Madeleine L’Engle was a children’s writer who died in 2007. She is best known for A Wrinkle in Time and other children’s fantasies. The advice in this post is taken from Walking on Water, which combines writing advice with reflections on her life as a writer.
The passage below comes from a chapter called “Names and Labels,” where L’Engle tries to dispel the idea that writing for children is different than writing for adults.
Nancy Berkowitz, long a great friend of children’s books and their writers, told me last year that I’d given her the best definition of a children’s book that she’d heard. Having completely forgotten ever giving such a definition, I asked eagerly, “What was it?”
“A children’s book is any book a child will read.”
First my children and now my grandchildren are proof of this, moving from children’s books marketed for their own age range—the girls are ten and eleven years old—to any grown-up novel I think would appeal to them. All they require is a protagonist with whom they can identify (and they prefer the protagonist to be older than they are), an adventure to make them turn the pages, and the making of a decision on the part of the protagonist.
. . .
One summer I taught a class in techniques of fiction at a midwestern university. About half way through the course, one of the students came up to me after class and said, “I do hope you’re going to teach us something about writing for children. That’s really why I’m taking this course.”
“What have I been teaching you?”
“Don’t you write when you write for children?”
“Well—but isn’t it different?”
No, it is not different. The techniques of fiction are the techniques of fiction. They hold as true for Beatrix Potter as they do for Fyodor Dostoyevsky. Characterization, style, theme, are as important in a children’s book as in a novel for grown-ups. Taste, as always, will differ. . . A child is not likely to identify with the characters in Faulkner’s Sanctuary. Books like A Wrinkle in Time may seem too difficult to some parents. But if a book is not good enough for a grown-up, it is not good enough for a child.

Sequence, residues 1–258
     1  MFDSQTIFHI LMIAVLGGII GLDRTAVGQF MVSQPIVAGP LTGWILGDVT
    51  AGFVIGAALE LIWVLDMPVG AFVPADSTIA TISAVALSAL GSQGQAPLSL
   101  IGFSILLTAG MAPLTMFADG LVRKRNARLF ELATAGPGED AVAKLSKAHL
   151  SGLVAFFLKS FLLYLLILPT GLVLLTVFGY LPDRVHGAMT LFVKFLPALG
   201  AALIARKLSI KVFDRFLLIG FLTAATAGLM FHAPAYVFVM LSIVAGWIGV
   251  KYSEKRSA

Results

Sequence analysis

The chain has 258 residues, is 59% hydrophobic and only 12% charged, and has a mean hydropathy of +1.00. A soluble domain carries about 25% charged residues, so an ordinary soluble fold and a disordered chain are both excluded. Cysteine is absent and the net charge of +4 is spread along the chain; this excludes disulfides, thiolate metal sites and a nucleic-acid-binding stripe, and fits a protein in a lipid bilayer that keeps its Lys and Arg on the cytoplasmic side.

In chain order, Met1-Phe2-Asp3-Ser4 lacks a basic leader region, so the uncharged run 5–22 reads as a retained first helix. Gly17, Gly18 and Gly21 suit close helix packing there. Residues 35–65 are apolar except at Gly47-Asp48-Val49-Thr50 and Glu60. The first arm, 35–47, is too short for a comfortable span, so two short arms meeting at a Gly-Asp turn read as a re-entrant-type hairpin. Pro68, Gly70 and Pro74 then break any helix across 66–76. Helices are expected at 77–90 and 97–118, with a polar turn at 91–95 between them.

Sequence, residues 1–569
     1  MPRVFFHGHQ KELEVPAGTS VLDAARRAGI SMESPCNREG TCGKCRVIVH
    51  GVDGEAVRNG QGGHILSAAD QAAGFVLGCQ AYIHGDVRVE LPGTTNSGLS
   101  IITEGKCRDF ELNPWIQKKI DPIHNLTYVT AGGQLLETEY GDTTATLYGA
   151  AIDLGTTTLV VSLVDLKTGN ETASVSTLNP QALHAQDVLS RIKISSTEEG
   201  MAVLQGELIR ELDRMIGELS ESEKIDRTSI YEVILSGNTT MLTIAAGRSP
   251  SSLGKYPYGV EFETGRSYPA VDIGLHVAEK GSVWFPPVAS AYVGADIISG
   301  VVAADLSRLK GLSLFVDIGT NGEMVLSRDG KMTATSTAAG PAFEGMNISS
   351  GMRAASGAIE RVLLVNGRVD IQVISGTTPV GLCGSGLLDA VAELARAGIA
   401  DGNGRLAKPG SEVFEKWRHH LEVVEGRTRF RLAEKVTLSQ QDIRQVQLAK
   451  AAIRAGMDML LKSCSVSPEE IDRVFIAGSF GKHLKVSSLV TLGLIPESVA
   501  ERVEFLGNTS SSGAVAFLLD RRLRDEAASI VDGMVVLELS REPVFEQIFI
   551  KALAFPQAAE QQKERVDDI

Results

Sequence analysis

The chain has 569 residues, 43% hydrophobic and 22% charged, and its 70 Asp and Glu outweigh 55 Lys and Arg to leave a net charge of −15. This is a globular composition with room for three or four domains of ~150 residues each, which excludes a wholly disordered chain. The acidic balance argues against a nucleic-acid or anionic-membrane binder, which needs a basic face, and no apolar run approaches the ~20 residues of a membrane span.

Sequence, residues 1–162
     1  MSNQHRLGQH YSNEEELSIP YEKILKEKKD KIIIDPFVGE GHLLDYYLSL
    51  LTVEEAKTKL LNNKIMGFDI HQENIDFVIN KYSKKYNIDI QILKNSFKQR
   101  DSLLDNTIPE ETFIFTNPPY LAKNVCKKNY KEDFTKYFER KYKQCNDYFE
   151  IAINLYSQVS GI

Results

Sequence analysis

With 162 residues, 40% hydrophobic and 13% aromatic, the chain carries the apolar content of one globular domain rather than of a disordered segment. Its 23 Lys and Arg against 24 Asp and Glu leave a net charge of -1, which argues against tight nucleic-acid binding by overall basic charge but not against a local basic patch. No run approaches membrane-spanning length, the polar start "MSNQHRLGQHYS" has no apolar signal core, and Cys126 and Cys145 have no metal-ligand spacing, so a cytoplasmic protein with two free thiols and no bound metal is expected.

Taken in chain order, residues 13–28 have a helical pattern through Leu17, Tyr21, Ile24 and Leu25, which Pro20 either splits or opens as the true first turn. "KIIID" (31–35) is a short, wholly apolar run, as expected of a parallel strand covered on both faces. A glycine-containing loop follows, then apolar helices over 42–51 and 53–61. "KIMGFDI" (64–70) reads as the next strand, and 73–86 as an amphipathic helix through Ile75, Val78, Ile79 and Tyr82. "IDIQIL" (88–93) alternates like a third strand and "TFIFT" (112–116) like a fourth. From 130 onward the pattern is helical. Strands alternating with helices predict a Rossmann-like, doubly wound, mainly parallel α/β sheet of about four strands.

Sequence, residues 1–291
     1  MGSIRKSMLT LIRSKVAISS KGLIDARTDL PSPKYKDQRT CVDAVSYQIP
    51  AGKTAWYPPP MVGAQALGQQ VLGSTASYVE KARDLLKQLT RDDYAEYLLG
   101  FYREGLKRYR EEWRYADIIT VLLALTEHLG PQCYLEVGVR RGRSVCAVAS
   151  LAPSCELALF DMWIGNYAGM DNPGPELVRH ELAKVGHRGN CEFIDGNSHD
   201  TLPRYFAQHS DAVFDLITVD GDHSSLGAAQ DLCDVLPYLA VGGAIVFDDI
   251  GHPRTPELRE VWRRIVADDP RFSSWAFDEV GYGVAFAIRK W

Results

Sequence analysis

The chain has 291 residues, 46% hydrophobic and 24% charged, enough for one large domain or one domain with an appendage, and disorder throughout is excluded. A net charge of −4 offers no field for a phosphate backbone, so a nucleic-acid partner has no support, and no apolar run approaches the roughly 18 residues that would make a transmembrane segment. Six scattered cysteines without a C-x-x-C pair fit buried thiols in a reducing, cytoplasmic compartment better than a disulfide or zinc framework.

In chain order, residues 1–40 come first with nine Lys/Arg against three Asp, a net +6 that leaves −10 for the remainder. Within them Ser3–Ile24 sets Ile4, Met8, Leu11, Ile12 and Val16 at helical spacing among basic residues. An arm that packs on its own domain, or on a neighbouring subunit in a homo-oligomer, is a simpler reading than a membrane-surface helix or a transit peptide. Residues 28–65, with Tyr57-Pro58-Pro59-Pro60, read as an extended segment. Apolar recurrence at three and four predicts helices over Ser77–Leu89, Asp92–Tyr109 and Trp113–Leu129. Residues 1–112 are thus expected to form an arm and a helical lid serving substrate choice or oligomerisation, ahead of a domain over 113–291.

So what, then, are the differences?
Most of them are minor, and apparent. A child wants to read about another child, a child living in and having adventures in a world which can be recognized and accepted. As long as what the protagonist does is true, this world can be unlimited, for a child can identify with a hero in ancient Britain, darkest Africa, or the year two thousand and ninety-three.
When I was a child I browsed through my parents’ books when I had finished my own. What was not part of my own circumference of comprehension I simply skipped; sex scenes when I was eight or nine had little relevance for me, so I skipped over them. They didn’t hurt me because they had no meaning for me. In a book which is going to be marketed for children it is usually better to write within the child’s frame of reference, but there is no subject which should, in itself, be taboo. If it is essential for the development of the child protagonist, there is nothing which may not be included. It is how it is included which makes its presence permissible or impermissible. Some books about—for instance—child abuse, are important and deeply moving; others may be little more than a form of infant porno. [Emphasis in original.]
Later in this same section, L’Engle decries the practice of “writing down” to children, which she equates with substandard writing. Then she sums up this way:
So a children’s book must be, first and foremost, a good book, a book with a young protagonist with whom the reader can identify, and a book which says yes to life. [Emphasis in original.]
Walking on Water isn’t for everyone. Madeline L’Engle was a dedicated Christian, and the book is filled with religious and philosophical concepts. However, writers with the same beliefs may want to read it for insight into L’Engle’s view of her calling.
And we can all learn from her comments on writing for children.